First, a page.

Last updated: 04/2/2019
Author: Addictions.com Medical Review
Reading Time: 3 minutes
Substance abuse and gambling addiction not only occur together in many individuals; the two disorders also have many similarities that leave someone predisposed for one if they also suffer from the other.
How Are These Disorders Similar?
According to the journal of Minnesota Medicine, “Although pathological gambling is classified as an impulse-control disorder, it has many similarities to substance abuse.”
- Tolerance is a frequently experienced side effect in those who suffer from one or both disorders, as is withdrawal. Over time, a person who becomes addicted either to a behavior or a substance will begin to need higher stakes or more intensive use in order to feel the same high, and those who are not able to engage in their behavior or their substance use will often experience physical and psychological withdrawal symptoms, such as depression, headaches, irritability, etc.
- Many people, both those who gamble compulsively and those who abuse drugs, experience “repeated, unsuccessful attempts to cut back or stop” because they cannot do so on their own.
- These issues will usually bleed into the other areas of a person’s life, causing both professional and personal problems for the individual. Still, once they are already addicted, they will not be able to quit without the proper treatments.
“Phenomenological data further support a relationship between behavioral and drug addictions,” and unfortunately, both can lead to the type of issues that cause impairment in major areas of life functioning. Compulsive gambling and drug abuse are not only similar, though; many individuals who engage in one often engage in the other as well.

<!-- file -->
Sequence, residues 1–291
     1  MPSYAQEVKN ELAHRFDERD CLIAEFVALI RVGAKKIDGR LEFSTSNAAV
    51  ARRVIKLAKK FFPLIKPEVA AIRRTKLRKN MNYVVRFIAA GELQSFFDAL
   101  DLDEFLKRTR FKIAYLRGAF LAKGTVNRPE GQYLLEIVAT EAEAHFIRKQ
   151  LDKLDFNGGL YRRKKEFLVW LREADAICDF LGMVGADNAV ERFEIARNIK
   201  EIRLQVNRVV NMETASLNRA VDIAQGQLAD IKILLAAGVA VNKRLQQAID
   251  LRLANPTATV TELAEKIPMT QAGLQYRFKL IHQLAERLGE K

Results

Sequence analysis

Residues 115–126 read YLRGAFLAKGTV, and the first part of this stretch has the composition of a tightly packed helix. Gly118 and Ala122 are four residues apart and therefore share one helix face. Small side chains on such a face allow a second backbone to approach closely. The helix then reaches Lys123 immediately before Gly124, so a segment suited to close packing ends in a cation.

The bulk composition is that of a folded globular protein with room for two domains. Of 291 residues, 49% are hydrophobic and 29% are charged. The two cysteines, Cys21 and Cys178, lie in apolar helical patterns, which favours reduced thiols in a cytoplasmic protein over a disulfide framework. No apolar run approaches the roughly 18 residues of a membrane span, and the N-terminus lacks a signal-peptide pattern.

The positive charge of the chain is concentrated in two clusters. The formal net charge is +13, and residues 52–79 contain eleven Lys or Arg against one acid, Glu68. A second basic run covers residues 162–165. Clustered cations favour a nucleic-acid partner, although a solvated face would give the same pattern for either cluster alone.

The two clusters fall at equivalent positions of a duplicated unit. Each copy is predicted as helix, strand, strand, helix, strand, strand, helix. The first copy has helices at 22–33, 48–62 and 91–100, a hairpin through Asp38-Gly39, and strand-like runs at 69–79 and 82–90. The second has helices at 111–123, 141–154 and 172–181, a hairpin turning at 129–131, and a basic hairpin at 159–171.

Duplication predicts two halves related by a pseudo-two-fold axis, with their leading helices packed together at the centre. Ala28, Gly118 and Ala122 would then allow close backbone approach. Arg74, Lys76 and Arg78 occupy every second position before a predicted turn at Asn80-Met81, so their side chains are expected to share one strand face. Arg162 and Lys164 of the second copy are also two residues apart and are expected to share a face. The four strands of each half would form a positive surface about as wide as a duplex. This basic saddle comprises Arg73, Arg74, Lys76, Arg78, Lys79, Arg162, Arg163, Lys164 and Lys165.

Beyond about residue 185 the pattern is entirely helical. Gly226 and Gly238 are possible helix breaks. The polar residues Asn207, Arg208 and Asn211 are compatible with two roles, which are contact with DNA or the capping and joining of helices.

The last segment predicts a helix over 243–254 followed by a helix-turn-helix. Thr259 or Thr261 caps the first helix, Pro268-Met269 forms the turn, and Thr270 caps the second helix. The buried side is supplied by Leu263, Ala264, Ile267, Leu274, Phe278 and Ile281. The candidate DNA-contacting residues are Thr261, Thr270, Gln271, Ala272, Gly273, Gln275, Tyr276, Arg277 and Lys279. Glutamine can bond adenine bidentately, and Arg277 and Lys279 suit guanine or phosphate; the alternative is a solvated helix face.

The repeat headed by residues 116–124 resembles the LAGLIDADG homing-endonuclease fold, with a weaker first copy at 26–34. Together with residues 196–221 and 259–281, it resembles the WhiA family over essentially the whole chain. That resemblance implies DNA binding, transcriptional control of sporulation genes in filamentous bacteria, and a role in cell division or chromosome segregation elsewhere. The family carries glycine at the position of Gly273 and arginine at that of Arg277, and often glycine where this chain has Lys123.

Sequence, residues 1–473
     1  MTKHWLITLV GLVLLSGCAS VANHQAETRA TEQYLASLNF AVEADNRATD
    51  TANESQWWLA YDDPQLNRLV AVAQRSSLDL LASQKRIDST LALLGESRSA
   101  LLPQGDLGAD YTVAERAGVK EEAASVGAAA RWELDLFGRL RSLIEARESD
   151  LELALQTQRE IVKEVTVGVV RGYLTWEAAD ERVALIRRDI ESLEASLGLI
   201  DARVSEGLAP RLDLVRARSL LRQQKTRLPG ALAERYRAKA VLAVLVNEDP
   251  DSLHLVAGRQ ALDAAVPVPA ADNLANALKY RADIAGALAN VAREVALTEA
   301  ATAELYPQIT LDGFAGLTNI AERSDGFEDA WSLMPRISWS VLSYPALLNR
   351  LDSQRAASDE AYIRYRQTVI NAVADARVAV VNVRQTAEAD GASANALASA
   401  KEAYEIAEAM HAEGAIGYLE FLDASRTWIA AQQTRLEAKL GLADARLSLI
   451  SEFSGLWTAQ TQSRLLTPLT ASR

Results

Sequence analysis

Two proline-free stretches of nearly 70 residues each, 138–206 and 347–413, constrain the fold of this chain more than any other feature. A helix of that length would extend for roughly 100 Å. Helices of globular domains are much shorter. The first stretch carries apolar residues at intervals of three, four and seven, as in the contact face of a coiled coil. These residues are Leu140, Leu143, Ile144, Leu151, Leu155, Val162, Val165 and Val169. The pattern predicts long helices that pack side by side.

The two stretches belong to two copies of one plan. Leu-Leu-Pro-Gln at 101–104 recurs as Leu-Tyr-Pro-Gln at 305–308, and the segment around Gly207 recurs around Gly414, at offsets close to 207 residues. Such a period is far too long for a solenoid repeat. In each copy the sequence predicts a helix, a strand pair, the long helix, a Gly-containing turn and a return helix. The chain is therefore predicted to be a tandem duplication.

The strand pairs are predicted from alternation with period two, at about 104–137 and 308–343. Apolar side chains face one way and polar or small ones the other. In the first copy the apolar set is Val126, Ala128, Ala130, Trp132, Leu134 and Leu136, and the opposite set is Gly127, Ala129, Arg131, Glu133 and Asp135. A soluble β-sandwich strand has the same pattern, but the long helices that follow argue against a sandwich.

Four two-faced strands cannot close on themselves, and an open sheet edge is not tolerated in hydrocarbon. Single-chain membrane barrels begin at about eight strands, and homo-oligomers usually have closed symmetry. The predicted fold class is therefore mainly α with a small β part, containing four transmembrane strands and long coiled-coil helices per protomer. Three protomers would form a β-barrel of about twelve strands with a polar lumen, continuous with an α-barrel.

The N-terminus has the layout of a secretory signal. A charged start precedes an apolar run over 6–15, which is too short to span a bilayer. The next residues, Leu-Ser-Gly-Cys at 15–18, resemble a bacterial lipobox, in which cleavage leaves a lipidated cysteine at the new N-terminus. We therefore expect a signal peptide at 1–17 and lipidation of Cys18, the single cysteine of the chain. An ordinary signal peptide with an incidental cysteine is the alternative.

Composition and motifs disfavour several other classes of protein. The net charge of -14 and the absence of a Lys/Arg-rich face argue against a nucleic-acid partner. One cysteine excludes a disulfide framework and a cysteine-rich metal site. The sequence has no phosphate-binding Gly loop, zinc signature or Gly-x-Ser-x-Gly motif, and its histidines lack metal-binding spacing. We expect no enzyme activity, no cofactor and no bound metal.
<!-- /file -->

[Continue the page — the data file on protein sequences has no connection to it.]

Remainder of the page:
How Often Do These Issues Occur Together?
These disorders are likely to occur together, either at the same time or with one leading to the other, especially in certain populations. “High rates of pathological gambling and substance abuse have been reported during adolescence and young adulthood,” and these issues often are both stronger in the same populations. In addition, a person might take up gambling to try to solve their drug debts, or abuse substances to cope with their gambling problems.
The existence of comorbidity and its high likelihood of occurring are also to be considered in this case. According to the National Institute on Drug Abuse, drug addiction is “a mental illness,” and “the resulting compulsive behaviors that weaken the ability to control impulses, despite the negative consequences, are similar to hallmarks of other mental illnesses.” When someone has issues controlling their impulses in one sense, they are often predisposed to having these issues in another way. Therefore, someone who has a substance abuse disorder who begins gambling will be more likely to become addicted to this behavior as well.
Compulsive Gambling and Drug Abuse Can Be Treated
In the same way other comorbid issues are treated, compulsive gambling and drug abuse are often treated together when they occur in the same individual to allow the person a better potential for recovery from both. Though these issues do have many similarities and can be likely to occur together, an individual can receive help for both and begin to lead a happier, more productive life again.